DUBLIN, Ireland (AP) – Pope John Paul II has accepted “in principle” an invitation to visit both parts of Ireland, although a trip this year appears unlikely, Catholic leaders announced Friday.

Catholic bishops last month invited the pope to come to Ireland to mark the 25th anniversary of his first visit to the country in 1979. Unlike that trip, this visit would include the British territory of Northern Ireland.

“Our invitation request has been placed before the Holy Father and a reply has been received from the Vatican’s secretariat of state indicating that the proposed visit has, in principle, been accepted,” said Archbishop Sean Brady, primate for Ireland’s 4 million Catholics.

“We are delighted with this response and hope that this visit will take place,” he said.

In Rome, Vatican sources said they knew of no plans for an immediate visit by the pope to Ireland.

Brady said that given the pope’s existing commitments this year “a visit in 2004, while not ruled out, is rather unlikely.”

But the archbishop said local officials would begin planning for an eventual papal tour. The 84-year-old pontiff has Parkinson’s disease and knee and hip problems.

“The program of places to be visited has yet to be prepared and agreed. … An appropriate and substantial program of prayer, preparation and reflection is essential to ensure that the people of Ireland would gain maximum benefit from another papal visit,” he said.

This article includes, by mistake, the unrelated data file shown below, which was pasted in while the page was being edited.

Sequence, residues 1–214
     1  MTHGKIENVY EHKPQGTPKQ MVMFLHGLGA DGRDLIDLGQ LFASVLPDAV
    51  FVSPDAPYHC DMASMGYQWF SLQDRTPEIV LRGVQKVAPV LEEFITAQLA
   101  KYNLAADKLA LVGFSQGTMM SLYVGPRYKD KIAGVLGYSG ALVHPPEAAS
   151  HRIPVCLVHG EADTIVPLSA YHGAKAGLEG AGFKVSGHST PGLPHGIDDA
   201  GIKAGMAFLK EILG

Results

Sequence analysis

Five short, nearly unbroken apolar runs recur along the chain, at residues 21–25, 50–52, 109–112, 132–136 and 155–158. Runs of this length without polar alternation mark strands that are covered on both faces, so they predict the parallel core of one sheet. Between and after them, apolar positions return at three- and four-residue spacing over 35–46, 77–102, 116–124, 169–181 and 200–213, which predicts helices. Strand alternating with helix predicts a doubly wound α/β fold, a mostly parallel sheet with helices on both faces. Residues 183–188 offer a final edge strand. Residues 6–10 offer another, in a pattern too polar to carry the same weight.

Brady’s announcement came as the pontiff wrapped up an Alpine vacation in northern Italy, with a last excursion by car into a valley with a view of Mount Blanc. On Saturday, John Paul was scheduled to travel from the mountains to his summer retreat in Castel Gandolfo, in the Alban hills near Rome, where he will be based for the next two months.

The pope’s health condition, including Parkinson’s disease and hip and knee problems, has forced him to scale back physical activities, but the Irish announcement underscored his determination to still travel if possible.

Papal spokesman Joaquin Navarro-Valls told Vatican Radio that during the holiday the pope “rested and was able to go out every day,” also spending time reading, and in prayer and in contemplation.

The pope had planned in August 1979 to visit the Northern Ireland city of Armagh, the ecclesiastical capital of Ireland.

But the northern part of the trip was canceled, partly because of a surge that month in Irish Republican Army violence – the outlawed group assassinated Lord Mountbatten and killed 18 British paratroopers in a border ambush – and fears of possible protests by Protestant hard-liners.

Some evangelical Protestant leaders, including the province’s longest-serving politician, the Rev. Ian Paisley, have branded the pope an “antichrist.”

The IRA has been observing an open-ended truce since 1997. Speculation of a possible papal visit to Northern Ireland has mounted since the Good Friday peace accord of 1998, which sought to end the conflict over the British territory that has claimed more than 3,600 lives since 1969.


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